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How You Can Help

White Blood Cell Donations

Every healthy human being has white blood cells (WBC) in their blood that are essential in fighting off infections, especially bacterial and fungal infections.

Sometimes, treatments and therapies used to fight cancer reduce the white blood cells in a patient to such a low level, it is impossible for them to successfully control infections on their own. In those cases, the physicians may order white cell transfusions from other healthy people.

Donating white blood cells is unlike giving blood, plasma, platelets or red blood cells and is a more involved procedure. In this situation, the donor must go through a different, longer process to donate white cells only which are then transfused into the patient, helping them with the ability to fight infections.

The patient’s family and friends will be asked to donate and recruit WBC donors. The first step for a potential WBC donor is to complete an automated platelet donation. In this way, the donor is screened and other tests are conducted that will tell the doctor if they are a viable white cell donor for the patient in need.

How Do I Find Donors?

Reaching out to your own community is the best and most effective way to find donors for your family member. Other families have found successful ways to recruit donors.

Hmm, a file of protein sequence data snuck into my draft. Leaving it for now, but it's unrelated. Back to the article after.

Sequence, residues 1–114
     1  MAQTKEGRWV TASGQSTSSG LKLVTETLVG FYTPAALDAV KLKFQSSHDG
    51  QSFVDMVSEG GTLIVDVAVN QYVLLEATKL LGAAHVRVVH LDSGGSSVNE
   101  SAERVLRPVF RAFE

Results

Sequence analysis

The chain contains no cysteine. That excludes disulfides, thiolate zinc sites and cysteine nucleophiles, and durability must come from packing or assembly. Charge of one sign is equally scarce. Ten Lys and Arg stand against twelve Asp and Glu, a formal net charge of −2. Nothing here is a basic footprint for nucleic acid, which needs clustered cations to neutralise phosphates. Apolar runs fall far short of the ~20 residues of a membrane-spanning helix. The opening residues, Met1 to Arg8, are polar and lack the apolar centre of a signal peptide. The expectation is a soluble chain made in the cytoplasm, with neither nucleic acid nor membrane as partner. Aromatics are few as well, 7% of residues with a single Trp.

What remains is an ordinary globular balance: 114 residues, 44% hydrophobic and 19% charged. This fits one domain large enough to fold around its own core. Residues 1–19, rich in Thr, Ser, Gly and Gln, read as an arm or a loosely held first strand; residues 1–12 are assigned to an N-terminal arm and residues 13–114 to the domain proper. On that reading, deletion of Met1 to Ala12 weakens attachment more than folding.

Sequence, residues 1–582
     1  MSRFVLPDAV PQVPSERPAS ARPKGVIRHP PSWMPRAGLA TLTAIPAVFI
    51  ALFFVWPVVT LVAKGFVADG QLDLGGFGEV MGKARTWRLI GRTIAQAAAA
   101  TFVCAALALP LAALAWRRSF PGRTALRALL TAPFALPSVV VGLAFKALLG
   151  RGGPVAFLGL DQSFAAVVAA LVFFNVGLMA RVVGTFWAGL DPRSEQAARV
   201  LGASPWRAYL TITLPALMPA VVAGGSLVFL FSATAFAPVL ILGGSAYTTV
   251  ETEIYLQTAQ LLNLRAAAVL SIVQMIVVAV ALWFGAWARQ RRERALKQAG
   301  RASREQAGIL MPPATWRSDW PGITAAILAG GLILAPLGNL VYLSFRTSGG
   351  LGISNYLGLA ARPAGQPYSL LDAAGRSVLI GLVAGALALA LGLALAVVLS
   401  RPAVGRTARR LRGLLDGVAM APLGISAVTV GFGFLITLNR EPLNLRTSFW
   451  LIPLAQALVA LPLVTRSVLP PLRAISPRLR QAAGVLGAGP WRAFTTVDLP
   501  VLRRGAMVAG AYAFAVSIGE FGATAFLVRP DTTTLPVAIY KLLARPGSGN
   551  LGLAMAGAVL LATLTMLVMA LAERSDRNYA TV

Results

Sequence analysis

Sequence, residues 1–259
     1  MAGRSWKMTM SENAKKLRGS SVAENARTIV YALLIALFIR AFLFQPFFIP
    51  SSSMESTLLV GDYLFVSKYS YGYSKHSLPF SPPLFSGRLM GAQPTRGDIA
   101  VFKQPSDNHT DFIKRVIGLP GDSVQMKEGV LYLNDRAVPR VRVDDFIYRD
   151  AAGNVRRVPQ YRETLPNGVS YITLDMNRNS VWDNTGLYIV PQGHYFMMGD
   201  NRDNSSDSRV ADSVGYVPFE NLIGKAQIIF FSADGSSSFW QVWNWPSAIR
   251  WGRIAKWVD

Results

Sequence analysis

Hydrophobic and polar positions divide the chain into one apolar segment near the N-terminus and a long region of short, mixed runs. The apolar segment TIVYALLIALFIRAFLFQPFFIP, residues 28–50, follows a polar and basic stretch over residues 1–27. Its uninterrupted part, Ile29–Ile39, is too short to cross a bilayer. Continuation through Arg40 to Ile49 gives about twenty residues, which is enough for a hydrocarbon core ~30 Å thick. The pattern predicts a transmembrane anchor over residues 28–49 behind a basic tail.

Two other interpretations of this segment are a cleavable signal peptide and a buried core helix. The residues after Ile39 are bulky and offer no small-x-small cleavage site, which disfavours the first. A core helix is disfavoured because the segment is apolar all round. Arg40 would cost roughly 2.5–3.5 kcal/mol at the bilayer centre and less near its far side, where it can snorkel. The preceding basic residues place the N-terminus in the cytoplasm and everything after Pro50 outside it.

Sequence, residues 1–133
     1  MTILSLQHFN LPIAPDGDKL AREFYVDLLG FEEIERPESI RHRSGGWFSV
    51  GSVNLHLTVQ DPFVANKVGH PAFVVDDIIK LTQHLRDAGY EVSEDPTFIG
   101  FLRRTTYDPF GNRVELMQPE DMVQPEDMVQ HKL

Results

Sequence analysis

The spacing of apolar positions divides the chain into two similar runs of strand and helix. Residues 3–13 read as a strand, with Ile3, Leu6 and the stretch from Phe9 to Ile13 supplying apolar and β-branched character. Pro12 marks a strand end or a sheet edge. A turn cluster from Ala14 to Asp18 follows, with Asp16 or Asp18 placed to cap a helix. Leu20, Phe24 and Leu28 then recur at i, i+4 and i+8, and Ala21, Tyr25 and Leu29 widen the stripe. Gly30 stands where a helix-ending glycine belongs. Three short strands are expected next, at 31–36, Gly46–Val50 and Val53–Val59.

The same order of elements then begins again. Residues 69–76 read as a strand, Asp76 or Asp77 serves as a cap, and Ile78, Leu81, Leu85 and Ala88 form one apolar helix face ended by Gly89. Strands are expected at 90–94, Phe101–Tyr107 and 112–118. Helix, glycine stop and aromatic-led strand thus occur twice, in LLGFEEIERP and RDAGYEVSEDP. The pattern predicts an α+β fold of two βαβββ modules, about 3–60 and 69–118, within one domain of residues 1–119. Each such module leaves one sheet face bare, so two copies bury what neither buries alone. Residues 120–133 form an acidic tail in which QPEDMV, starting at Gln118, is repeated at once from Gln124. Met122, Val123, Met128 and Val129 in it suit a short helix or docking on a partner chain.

Here are some donor recruitment suggestions:

  1. Create a compelling letter explaining your family member's situation.
  2. Reach out to everyone you can via email and see if they have connections in the Greater Houston area and have them help by getting pre-screened . When you connect with a local person you can ask them to reach out to their community on your behalf.
  3. Social media: Examples include Facebook, Instagram, Twitter, and Care Pages.
  4. Your social affiliations: corporation, civic organization, religion or education.
  5. Local embassy (if from a different country).
  6. Create a community flier and post around your local area. MD Anderson is not able to post any fliers.

Helpful Documents

© 2015 The University of Texas MD Anderson Cancer Center